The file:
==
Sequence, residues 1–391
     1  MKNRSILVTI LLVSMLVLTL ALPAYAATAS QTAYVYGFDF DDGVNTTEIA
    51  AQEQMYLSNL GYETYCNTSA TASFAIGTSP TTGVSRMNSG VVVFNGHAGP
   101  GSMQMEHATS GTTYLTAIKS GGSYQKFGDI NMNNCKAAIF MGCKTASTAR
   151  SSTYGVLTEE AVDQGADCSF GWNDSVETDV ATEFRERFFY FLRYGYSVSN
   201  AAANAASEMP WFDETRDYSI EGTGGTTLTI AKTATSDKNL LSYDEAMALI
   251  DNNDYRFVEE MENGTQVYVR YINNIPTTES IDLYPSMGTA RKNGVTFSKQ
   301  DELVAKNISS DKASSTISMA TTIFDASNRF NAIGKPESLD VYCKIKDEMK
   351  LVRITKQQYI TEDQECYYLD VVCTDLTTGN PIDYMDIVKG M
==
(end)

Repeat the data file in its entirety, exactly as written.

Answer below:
Sequence, residues 1–391
     1  MKNRSILVTI LLVSMLVLTL ALPAYAATAS QTAYVYGFDF DDGVNTTEIA
    51  AQEQMYLSNL GYETYCNTSA TASFAIGTSP TTGVSRMNSG VVVFNGHAGP
   101  GSMQMEHATS GTTYLTAIKS GGSYQKFGDI NMNNCKAAIF MGCKTASTAR
   151  SSTYGVLTEE AVDQGADCSF GWNDSVETDV ATEFRERFFY FLRYGYSVSN
   201  AAANAASEMP WFDETRDYSI EGTGGTTLTI AKTATSDKNL LSYDEAMALI
   251  DNNDYRFVEE MENGTQVYVR YINNIPTTES IDLYPSMGTA RKNGVTFSKQ
   301  DELVAKNISS DKASSTISMA TTIFDASNRF NAIGKPESLD VYCKIKDEMK
   351  LVRITKQQYI TEDQECYYLD VVCTDLTTGN PIDYMDIVKG M